While antisaccade paradigms invoke circuitry associated with cognitive control and attention-deficit/hyperactivity disorder (ADHD), there is a dearth of functional magnetic resonance imaging (fMRI) investigations using antisaccade tasks among children with ADHD. Neural correlates associated with antisaccade performance were examined with fMRI in 11 children with ADHD (10 medicated) matched to 11 typically developing children. Significantly greater brain activation in regions in right dorsolateral prefrontal cortex and caudate nucleus was observed in children with ADHD relative to the control group. This pattern separated the children into their respective groups in a taxonomic manner. Sensitivity analyses probing comorbidity and medication-specific effects showed that results were consistent; however, the caudate nucleus difference was only detectable in the full sample, or in subsets with a more relaxed cluster threshold. Antisaccade performance did not significantly differ between the groups, perhaps as a result of greater brain activation or medication effects in the ADHD group. Thus, antisaccade paradigms may have sensitivity and specificity for the investigation of cognitive control deficits and associated neural correlates in ADHD, and may contribute towards the development of new treatment approaches for children with the disorder.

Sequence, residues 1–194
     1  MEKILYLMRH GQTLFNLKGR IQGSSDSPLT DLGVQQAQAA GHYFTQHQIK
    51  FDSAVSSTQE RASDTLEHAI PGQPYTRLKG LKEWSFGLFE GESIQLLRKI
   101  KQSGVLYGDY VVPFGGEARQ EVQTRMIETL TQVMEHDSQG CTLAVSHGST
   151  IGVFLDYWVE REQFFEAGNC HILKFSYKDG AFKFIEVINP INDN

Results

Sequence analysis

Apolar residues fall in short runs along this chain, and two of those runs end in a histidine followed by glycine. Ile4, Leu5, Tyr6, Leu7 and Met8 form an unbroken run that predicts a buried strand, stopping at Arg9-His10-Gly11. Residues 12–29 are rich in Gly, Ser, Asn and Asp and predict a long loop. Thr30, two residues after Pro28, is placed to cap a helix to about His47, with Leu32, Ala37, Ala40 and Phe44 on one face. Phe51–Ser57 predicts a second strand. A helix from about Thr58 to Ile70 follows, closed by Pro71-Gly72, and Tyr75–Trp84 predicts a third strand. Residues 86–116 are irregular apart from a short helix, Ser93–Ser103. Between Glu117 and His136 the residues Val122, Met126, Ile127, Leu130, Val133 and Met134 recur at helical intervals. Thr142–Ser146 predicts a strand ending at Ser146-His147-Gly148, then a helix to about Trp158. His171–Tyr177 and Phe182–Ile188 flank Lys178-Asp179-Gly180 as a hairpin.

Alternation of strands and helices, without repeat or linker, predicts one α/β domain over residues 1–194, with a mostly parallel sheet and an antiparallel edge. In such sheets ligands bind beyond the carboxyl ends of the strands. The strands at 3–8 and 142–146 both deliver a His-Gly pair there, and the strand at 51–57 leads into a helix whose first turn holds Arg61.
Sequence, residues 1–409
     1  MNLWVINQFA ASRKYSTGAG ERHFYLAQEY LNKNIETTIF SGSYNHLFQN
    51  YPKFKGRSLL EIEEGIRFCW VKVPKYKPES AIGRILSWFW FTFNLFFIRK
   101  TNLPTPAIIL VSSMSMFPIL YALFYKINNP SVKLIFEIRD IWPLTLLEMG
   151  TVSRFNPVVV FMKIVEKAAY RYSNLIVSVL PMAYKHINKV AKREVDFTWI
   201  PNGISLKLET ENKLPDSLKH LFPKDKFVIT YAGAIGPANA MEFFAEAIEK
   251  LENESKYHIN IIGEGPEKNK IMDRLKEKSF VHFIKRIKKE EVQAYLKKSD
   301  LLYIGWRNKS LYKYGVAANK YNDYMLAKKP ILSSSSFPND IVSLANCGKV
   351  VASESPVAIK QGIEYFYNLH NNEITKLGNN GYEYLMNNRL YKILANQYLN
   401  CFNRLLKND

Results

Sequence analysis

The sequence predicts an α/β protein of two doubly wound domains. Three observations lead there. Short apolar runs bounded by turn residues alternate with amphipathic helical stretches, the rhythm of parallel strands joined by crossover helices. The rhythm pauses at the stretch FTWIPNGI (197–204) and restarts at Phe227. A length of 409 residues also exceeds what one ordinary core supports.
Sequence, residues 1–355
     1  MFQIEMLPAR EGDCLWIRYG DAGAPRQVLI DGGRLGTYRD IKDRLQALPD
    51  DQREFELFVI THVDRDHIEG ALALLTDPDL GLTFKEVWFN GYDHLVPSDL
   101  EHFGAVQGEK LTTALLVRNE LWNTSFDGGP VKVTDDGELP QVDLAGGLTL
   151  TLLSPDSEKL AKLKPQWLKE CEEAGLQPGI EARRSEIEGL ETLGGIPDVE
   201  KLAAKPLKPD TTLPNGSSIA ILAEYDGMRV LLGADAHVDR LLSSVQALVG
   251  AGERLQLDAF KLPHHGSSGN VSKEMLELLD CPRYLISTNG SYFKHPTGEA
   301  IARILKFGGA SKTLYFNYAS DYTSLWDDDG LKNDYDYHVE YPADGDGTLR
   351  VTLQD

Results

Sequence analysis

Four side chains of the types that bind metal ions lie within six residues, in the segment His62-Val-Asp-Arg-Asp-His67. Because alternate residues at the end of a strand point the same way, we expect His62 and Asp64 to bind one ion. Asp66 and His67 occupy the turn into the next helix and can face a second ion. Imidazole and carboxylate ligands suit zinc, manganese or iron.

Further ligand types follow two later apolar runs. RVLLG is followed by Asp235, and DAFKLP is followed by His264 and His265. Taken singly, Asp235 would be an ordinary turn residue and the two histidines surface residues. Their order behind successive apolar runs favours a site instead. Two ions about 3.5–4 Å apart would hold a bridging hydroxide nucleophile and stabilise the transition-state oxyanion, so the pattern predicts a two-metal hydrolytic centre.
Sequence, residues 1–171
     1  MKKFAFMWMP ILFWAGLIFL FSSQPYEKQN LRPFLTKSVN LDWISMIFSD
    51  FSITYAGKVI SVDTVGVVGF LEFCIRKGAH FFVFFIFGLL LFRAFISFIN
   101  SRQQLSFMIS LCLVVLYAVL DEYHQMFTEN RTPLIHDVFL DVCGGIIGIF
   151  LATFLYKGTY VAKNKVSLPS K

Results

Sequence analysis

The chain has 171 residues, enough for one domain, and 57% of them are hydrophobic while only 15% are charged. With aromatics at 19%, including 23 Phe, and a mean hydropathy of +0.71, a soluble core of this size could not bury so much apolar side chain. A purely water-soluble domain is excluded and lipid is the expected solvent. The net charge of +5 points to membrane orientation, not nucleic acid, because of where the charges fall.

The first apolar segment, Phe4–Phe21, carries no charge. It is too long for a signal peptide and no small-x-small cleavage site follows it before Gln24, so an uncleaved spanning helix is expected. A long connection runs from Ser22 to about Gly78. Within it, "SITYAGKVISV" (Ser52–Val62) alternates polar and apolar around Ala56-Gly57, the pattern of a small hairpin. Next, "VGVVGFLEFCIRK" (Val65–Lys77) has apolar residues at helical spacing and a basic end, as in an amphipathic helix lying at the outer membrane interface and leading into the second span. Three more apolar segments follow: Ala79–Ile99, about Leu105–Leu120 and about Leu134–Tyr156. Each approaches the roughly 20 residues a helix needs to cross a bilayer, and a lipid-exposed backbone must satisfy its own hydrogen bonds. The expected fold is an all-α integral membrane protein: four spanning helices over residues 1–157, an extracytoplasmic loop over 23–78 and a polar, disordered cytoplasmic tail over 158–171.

- Cognitive control
- Functional magnetic resonance imaging
- Stimulant medication
ASJC Scopus subject areas
- Neuroscience (miscellaneous)
- Radiology Nuclear Medicine and imaging
- Psychiatry and Mental health